We’re building a new UNICEF.org.
As we swap out old for new, pages will be in transition. Thanks for your patience – please keep coming back to see the improvements.

Press centre

Press release

Child malnutrition in South Sudan could double, warns UNICEF

JUBA, South Sudan, 11 April 2014 - The youngest citizens of the world’s newest nation are on the verge of a nutrition crisis and nearly a quarter of a million children will suffer severe acute malnutrition by the end of the year if more is not done now, says UNICEF. 

Many children in South Sudan already faced emergency levels of under-nutrition in the two and a half years since independence in 2011. Now the ongoing conflict has pushed them to the edge - unless treatment is scaled up immediately, up to 50,000 children under the age of five are likely to die. 

Currently, over 3.7 million people, including almost 740,000 children under five, in the country are at high risk of food insecurity. Many are already resorting to eating so-called “famine foods”, wild foods such as bulbs and grasses.

“Sadly, worse is yet to come. If conflict continues, and farmers miss the planting season, we will see child malnutrition on a scale never before experienced here,” said Jonathan Veitch, UNICEF Representative in South Sudan. “If we cannot get more funds and better access to reach malnourished children in South Sudan, tens of thousands of under-fives will die.”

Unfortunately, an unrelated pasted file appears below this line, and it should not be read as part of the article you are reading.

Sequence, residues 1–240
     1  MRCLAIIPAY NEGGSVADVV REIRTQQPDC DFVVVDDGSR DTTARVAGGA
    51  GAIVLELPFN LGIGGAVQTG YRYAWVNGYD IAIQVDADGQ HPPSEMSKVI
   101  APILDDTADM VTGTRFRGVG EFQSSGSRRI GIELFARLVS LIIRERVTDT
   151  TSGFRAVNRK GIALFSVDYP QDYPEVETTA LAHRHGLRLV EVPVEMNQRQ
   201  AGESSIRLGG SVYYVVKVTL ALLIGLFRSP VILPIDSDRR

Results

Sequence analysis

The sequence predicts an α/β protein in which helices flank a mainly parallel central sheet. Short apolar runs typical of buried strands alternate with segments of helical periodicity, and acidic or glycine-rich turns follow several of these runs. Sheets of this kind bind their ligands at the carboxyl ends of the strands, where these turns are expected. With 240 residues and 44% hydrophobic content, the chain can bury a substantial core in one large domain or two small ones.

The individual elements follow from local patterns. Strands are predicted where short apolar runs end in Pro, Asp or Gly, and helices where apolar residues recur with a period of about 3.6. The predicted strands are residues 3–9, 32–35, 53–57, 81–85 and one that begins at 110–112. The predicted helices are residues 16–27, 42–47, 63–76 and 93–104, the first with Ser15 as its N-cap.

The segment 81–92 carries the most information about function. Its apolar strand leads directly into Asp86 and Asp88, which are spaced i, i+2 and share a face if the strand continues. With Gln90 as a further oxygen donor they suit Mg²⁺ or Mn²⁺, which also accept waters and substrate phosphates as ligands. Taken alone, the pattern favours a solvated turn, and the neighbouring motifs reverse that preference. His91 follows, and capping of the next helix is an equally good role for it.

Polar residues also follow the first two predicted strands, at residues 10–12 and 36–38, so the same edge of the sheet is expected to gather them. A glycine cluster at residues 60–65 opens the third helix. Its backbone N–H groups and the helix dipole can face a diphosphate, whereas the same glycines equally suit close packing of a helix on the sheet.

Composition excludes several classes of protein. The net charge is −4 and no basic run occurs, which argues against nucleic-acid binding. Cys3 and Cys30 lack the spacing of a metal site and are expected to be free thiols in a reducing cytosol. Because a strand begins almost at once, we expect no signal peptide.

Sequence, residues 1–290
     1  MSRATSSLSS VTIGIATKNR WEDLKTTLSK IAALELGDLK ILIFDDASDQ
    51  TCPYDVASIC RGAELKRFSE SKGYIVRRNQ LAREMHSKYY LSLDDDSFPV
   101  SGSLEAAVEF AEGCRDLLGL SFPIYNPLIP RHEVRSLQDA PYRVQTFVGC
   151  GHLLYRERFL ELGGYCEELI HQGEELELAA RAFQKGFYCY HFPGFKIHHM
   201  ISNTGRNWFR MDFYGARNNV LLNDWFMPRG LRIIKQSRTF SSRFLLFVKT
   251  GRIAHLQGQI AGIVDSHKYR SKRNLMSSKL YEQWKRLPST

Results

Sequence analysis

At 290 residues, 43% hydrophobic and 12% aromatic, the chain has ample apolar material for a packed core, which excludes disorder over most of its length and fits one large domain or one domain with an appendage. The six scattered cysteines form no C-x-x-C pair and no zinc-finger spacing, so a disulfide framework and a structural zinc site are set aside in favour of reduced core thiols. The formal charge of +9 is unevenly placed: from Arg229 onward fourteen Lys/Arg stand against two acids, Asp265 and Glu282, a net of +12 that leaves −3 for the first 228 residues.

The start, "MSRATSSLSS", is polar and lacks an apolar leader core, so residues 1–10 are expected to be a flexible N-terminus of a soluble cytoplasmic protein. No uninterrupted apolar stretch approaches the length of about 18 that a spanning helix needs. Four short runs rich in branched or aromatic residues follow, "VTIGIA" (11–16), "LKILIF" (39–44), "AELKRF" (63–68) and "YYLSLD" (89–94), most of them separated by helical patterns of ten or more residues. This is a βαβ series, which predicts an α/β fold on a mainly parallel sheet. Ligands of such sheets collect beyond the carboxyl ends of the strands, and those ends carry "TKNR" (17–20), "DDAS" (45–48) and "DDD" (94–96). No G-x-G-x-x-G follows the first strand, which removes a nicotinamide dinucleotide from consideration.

“These are not mere statistics – they are the children for whom South Sudan holds so much potential and promise. We must not fail the children of this new and fragile nation,” said Mr Veitch.

UNCEF’s immediate goal is to treat more than 150,000 severely malnourished children under five. In part this will occur through rapid response teams that deliver ready to use therapeutic foods, micronutrient supplements, medicines, water purification sachets, Vitamin A and deworming tablets, and support breastfeeding mothers and pregnant women. This fast and flexible approach is currently being deployed in remote, previously unreachable areas. However to fully meet nutrition needs in South Sudan, UNICEF currently needs $38 million, of which just $4.6 million has been received.

# # #

UNICEF promotes the rights and wellbeing of every child, in everything we do. Together with our partners, we work in 190 countries and territories to translate that commitment into practical action, focusing special effort on reaching the most vulnerable and excluded children, to the benefit of all children, everywhere.

For more information about UNICEF and its work visit: www.unicef.org

Follow UNICEF on Twitter and Facebook

For more information please contact:
Doune Porter, Chief of Strategic Communication, UNICEF South Sudan; Mobile: + 211(0)954 819 302; dporter@unicef.org

James Elder, UNICEF Regional Chief of Communication, Eastern & Southern Africa; Mobile: +254 71558 1222; jelder@unicef.org; twitter @1james_elder

Sarah Crowe, UNICEF New York, Chief, Crisis Communications, Mobile: +1 646 209 1590; scrowe@unicef.org





New enhanced search